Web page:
Tim O'Brien, |
(Proper American/Howdy Skies, 2008)
Though I have never met Tim O'Brien -- not to be confused with the novelist of the same name, who grew up a few dozen miles south of where I live -- I do have a relationship, at least of sorts, with the musical T O'B. He once recorded a song ("Don't Let Me Come Home a Stranger") that I co-wrote, and I am told in his current project he will cover two more. I say this to ensure that in the deeply improbable event you know as much, you will not be able to complain I have not disclosed fully what some might judge to be an interest conflict. To which I retort: Well, I liked O'Brien's music long before any of the above happened, and none of those songs are on Chameleon. And also, I'm not all that enamored of his Dylan tribute, Red on Blonde (Sugar Hill, 1996). See? I can be objective.
Born in West Virginia, O'Brien rose to prominence in the 1970s with the well-regarded, Colorado-based Hot Rize, a bluegrass band with a tradition-oriented approach leavened with a modern sensibility. On the side, Hot Rize's members were Red Knuckles & the Trail Blazers, a hilarious -- if musically serious -- parody of a hard-core honkytonk-country group. In those years O'Brien worked on his songwriting skills.
With the break-up of Hot Rize (which isn't quite dead; there are the occasional reunions, and one suspects another HR album is no impossibility) he moved on to Nashville. A deal with a major label fell through -- just as well; O'Brien is not cut out for Music City's cookie-cutter style. He has had success, on the other hand, as an occasional supplier of hit songs to the stars. He's released a string of albums, variously in solo, duo (on occasion with sister Mollie) and ensemble configurations, and generated praise and affection all around.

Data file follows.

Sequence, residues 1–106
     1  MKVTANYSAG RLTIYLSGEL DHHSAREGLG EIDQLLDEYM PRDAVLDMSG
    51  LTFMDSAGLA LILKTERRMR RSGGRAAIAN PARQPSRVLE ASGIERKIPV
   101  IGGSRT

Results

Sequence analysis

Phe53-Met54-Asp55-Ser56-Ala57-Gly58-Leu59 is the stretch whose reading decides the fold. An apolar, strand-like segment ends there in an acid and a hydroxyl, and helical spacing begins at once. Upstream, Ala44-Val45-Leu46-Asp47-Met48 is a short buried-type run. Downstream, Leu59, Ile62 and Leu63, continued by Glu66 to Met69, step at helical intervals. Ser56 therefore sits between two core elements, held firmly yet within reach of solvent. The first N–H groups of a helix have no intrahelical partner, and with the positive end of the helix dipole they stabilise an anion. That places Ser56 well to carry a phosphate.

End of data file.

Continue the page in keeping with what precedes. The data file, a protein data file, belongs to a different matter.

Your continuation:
Perhaps it helps to know that in 2005 O'Brien released two albums, Fiddler's Green and Cornbread Nation (the latter of which I reviewed in this space on 5 November 2005), of traditional and might-as-well-be trad material. Fiddler's Green won O'Brien a Grammy for Best Traditional Folk Recording. Chameleon, his first release since then, can be heard as the third in a trilogy, only this time the songs -- a generous 16 -- are all originals. But there is no question that this is a folk album, not just because the instrumentation is as spare as it could be -- each cut consists of vocal and one-stringed instrument: guitar, banjo, fiddle, bouzouki or mandola), but also because the songs showcase musical and lyric references to both old tunes and later folk-revival reinvention.
Chameleon succeeds because O'Brien needs no more than what he brings. Anything else would have felt beside the point. He's been at this long enough not to waste time and space with second-rate compositions, though perhaps the closing cut, "Nothing to Say," comes closest to filling the promise (or threat) of the title. Of course, O'Brien means to assert that having said everything he has to say this time out, he's bowing and heading for the exit. I'm not sure this was as inspired a notion as it might have seemed in the moment, but never mind. Nothing that came before is likely to disappoint.
Each time I hear this record, another song, overlooked the last time, leaps to my attention. There's a commendable range of themes and melodies in evidence, from unmopish love songs to food celebrations to light-handed but barbed political commentaries (especially the satirical depiction of an America oafishly full of itself "This World Was Made for Everyone," which resounds with Woody Guthrie's mordant sense of topical humor), plus plenty more. There are songs, too, that could pass for old-timers, such as the banjo-driven "Red Dog in the Morning" and the fiddle-flavored "Phantom Phone Call." Suffice it to say, if you're looking for favorites, prepare yourself: the competition is stiff.
24 May 2008
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